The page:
If a total lighting redesign is out of the question, you can still make your existing light fixtures lower maintenance simply by swapping out old, inefficient incandescent light bulbs with newer, electricity-sipping versions. Options like CFLs and LEDs provide all the light of incandescents while using a fraction of the energy. Energy.gov says Energy Star-rated LEDs use at least 75 percent less power than incandescent bulbs, and last 25 times longer. Imagine the time, hassle and money you’ll save not having to replace bulbs constantly – especially in lights that get a lot of use, like porch lights, or that are hard to reach, like the chandelier in your two-story entryway.
Vinyl siding
Wood, fiber cement, stucco, brick – there are nearly as many types of exterior siding as there are colors to paint it. When it comes to low- or no-maintenance siding, vinyl remains the gold standard. In fact, more new homes are built using vinyl siding than any other type of siding product, according to the Vinyl Siding Institute.
While early versions of vinyl siding introduced in the 1950s earned criticism for being less lovely than wood, even those less sophisticated versions had staying power; it’s possible to find homes in use today sporting vinyl siding that was added to the house in the 1970s or even earlier.
Vinyl siding never needs to be painted, and when properly installed provides exceptional shielding from the elements. New technology has made modern vinyl siding look better and last longer without fading issues associated with older versions of vinyl. It requires basic cleaning, and overall maintenance demands are much less than other types of siding. Visit www.vinylsiding.org to learn more.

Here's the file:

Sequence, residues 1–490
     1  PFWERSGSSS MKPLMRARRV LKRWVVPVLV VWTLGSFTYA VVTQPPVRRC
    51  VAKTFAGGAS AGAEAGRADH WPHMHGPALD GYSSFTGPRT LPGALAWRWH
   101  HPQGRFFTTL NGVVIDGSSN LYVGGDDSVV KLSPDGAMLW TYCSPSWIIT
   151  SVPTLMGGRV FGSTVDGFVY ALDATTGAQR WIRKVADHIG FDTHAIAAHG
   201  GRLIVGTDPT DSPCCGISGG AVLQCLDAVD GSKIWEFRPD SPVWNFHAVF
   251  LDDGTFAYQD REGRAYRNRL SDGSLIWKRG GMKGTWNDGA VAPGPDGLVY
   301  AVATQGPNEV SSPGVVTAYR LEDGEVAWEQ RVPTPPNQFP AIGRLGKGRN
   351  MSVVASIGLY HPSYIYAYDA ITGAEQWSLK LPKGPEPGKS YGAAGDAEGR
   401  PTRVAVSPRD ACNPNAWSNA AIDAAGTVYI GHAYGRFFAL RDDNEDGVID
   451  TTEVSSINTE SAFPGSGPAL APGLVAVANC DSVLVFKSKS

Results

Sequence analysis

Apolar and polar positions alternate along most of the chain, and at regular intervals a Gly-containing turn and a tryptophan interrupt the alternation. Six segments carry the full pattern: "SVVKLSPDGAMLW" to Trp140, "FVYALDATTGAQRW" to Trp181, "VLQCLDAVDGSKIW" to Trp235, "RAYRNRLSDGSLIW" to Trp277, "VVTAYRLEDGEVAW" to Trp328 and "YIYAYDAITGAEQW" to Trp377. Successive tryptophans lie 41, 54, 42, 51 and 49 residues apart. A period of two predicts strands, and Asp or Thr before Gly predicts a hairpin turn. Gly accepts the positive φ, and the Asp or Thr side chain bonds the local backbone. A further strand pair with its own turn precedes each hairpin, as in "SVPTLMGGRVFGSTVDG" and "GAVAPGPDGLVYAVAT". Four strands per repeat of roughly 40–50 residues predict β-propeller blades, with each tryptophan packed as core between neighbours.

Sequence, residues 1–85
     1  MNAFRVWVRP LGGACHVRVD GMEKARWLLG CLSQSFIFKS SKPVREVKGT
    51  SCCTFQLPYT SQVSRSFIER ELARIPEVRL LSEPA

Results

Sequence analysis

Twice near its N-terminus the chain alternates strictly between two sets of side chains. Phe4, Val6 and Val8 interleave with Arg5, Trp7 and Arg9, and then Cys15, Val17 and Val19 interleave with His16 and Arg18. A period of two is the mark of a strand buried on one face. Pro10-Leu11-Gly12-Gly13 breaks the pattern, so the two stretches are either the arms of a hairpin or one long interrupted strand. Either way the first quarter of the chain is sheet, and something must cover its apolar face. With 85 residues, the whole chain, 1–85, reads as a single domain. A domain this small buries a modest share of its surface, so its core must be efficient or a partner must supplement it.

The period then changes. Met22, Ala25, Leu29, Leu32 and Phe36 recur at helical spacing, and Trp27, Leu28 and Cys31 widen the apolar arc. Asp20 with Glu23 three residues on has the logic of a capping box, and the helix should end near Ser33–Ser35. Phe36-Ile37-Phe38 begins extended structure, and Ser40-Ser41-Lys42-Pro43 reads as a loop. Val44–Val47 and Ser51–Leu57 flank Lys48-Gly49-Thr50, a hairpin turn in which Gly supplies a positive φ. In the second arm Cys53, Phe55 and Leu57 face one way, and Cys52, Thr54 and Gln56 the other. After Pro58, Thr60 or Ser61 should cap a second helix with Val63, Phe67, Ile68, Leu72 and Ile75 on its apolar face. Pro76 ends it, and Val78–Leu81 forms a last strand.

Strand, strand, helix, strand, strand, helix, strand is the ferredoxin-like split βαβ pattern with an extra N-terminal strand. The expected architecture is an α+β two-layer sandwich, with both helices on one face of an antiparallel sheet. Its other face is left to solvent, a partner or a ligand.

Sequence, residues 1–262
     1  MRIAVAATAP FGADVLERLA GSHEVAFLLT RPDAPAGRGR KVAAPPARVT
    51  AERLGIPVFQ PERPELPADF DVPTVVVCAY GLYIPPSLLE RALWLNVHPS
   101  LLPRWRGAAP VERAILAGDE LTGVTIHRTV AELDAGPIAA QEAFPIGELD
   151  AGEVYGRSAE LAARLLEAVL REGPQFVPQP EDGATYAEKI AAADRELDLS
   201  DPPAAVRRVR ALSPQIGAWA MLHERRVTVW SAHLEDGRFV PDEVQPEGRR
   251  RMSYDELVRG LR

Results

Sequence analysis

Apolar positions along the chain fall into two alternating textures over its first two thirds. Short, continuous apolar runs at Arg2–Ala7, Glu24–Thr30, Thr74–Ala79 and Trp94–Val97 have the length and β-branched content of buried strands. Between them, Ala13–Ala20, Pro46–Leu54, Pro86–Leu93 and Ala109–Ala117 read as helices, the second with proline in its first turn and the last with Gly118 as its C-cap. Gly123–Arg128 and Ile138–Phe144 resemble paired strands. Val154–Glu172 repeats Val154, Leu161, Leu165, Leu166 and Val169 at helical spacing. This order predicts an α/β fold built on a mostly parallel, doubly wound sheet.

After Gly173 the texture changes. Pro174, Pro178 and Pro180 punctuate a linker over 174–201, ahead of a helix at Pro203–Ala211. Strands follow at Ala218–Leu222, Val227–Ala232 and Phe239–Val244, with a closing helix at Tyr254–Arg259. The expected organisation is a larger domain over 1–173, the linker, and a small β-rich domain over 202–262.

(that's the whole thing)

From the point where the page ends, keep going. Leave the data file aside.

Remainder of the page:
One of the best home inspection Seattle is the Home Detective.
Reid Guthrie has owned and operated his Home Inspection Seattle company, The Home Detective, since January 1995. As a licensed home inspector, Reid covers Seattle and the surrounding area. If you or someone you know are looking for a thorough Seattle Home Inspector, look no further than The Home Detective ~ The More Thorough We Are, The More Defects We Find, The More Money You Save!

Myth Busters: Why Vinyl Siding Is America’s Hottest Home Design Feature

Chances are, you’ve seen and heard a lot about vinyl siding on home renovation television shows, in magazines and in your neighborhood. Once seen as a drab and boring alternative to aluminum siding, vinyl siding is now driving new design trends, effortlessly adapting to any architectural home style.
According to the U.S. Census Bureau, vinyl siding is a hot home exterior material, appearing on nearly one third of all new homes built in 2012, more than any other cladding material. Still unsure about vinyl siding? Consider these myth-busting facts:
Myth: Vinyl siding is boring and looks cheap
Vinyl siding has come a long way since it was introduced in the 1950s and manufacturers have made strides in research and development efforts for design and performance. Nearly 350 vinyl siding colors have been certified for color retention, according to the Vinyl Siding Institute (VSI). The variety offers homeowners a virtually endless palette of fade-resistant colors, combined with complementary trim, accents and accessories. Additionally, the texture and attention to detail on the siding panels make high-end vinyl siding nearly indistinguishable from wood clapboard, cedar shake shingles or other traditional materials. –